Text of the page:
Clarke: I could not agree more, Adam. A key point to remember is to ensure your manufacturing partner can also increase the ability to protect margin for your customers.

Automating day-to-day parts ordering, receiving, and stocking: Moving on to process automation, how can one automate day-to-day fastener parts ordering, receiving, and stocking?

Clarke: Make sure you have the selected service partner you know works in true partnership with you so they understand your business, goals, and objectives. Then, you must also ensure your BOM alignment synergizes with the demand output that's going through. The starting point of automation is accuracy through BOM and demand alignment. Use your history with your supplier or manufacturing partner to understand the nuances and build up from very manual to automated processes. Communication in that process is crucial. But you're making sure they're in lockstep with the activities that you're doing. It's reducing transactional activity where you can and automating those process flows as much as possible. So, as you've got that movement and improved information flow, you get your product at the dock. 

Cherry: When you talk about the more technical aspects and that information sharing between you and your vendor base, you have to make sure there's an excellent understanding of the end-to-end both for you and the partners you're sharing information with and expecting information from. So make sure there's that upstream understanding of what information is needed when automating this type of data flow. Formatting and different technical things must be considered and well understood on both ends. When you talk internally about automation, it's making sure your operating systems are compatible. When you think about your ERP, MRP, and WMS systems, are you using one platform that tends to allow for more seamless data sharing and automation integration, or are you using different platforms? If you use different platforms, seamless day-to-day data communication is the key between those systems.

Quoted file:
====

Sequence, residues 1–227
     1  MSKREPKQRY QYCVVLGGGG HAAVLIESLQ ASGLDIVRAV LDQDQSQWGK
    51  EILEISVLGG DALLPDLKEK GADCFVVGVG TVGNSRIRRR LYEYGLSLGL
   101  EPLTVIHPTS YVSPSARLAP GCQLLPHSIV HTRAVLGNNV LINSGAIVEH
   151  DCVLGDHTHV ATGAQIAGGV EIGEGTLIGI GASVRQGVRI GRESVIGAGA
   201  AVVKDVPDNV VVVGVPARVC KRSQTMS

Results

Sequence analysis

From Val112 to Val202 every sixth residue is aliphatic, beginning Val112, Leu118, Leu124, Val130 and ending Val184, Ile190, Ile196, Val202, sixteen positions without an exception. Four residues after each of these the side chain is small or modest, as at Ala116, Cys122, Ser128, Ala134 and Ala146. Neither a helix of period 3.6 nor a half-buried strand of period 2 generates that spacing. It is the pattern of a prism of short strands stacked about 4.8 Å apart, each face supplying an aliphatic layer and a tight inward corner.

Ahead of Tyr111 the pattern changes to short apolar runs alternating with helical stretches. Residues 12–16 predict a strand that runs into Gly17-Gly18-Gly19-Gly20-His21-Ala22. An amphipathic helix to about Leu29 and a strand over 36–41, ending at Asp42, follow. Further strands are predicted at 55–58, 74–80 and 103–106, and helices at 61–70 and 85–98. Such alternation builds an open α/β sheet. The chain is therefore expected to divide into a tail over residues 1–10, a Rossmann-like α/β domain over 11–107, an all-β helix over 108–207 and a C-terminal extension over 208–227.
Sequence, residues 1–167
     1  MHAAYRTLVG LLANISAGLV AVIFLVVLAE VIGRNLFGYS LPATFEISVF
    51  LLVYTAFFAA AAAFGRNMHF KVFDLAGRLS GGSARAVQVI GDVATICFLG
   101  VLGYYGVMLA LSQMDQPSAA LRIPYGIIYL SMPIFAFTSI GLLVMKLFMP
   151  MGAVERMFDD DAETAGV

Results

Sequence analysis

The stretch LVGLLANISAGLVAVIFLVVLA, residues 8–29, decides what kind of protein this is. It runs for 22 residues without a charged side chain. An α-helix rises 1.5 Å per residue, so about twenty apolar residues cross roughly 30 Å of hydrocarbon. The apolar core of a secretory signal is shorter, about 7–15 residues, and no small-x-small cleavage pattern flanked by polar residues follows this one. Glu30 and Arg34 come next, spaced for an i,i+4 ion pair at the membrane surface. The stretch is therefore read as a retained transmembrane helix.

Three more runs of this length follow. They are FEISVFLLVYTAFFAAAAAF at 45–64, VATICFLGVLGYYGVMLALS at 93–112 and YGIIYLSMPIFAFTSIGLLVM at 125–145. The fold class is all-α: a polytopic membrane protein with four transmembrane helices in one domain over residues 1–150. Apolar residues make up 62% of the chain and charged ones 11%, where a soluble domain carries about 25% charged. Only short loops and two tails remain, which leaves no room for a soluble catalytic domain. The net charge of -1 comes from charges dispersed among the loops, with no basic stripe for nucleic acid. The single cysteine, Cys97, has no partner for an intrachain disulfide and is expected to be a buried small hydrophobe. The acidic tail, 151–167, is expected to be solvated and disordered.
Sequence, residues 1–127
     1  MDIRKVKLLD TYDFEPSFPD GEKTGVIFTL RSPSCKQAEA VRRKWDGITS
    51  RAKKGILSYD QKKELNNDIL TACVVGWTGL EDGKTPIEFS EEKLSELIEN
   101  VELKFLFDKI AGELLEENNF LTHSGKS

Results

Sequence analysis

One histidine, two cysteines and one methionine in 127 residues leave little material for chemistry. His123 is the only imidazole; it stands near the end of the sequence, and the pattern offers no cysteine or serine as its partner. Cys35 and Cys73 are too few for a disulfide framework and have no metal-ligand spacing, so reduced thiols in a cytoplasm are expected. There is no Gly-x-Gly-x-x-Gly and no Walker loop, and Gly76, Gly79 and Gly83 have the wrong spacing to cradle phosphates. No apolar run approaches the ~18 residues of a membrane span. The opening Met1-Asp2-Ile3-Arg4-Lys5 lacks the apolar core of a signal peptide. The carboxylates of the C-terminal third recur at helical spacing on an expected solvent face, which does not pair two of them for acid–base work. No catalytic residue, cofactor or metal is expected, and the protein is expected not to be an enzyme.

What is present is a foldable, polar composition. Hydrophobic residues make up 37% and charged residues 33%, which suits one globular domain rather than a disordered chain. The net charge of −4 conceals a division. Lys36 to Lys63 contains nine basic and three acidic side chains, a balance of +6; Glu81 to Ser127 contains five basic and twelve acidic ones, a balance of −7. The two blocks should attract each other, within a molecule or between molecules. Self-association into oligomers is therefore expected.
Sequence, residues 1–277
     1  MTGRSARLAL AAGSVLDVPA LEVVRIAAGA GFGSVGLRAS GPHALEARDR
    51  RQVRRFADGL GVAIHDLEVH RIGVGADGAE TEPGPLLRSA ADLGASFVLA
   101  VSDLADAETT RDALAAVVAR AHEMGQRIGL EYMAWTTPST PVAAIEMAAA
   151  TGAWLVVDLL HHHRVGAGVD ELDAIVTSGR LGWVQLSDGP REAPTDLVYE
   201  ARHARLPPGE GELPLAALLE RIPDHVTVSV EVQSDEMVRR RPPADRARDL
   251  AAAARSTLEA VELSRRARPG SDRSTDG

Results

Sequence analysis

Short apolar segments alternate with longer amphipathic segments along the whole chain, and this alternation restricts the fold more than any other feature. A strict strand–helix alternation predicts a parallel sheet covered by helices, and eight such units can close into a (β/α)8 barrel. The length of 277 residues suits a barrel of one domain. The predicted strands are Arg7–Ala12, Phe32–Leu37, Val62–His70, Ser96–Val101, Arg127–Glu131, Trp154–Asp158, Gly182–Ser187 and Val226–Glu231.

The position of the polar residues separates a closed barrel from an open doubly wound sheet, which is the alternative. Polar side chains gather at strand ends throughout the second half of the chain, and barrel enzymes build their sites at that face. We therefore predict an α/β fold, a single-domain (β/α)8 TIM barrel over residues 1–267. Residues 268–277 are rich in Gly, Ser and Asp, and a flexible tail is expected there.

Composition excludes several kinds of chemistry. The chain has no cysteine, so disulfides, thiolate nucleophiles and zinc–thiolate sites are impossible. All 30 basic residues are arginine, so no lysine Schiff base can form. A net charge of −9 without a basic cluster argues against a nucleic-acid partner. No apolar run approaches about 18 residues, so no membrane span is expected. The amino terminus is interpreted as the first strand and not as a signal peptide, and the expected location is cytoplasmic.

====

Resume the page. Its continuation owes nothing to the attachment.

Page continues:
Integrating technology into existing projects: Continuing on the theme of process automation, what technology can I incorporate into my operation that automates manual tasks and provides data for future planning?

Cherry: When thinking about automation specifically from a process perspective, there are a lot of emerging technologies and various established technologies out there. You hear a lot about AI today, as many companies are trying to become more comfortable with it. Machine learning is a great tool that's used a great deal in inventory management and demand modeling solutions. It could also be about ensuring you get the most out of your current systems. So, when you think about your MRP systems, do you have the confidence in your data and systems to allow for more system automation when it comes to repetitive tasks such as purchase order placements, acknowledgments, past-due management activities, and such?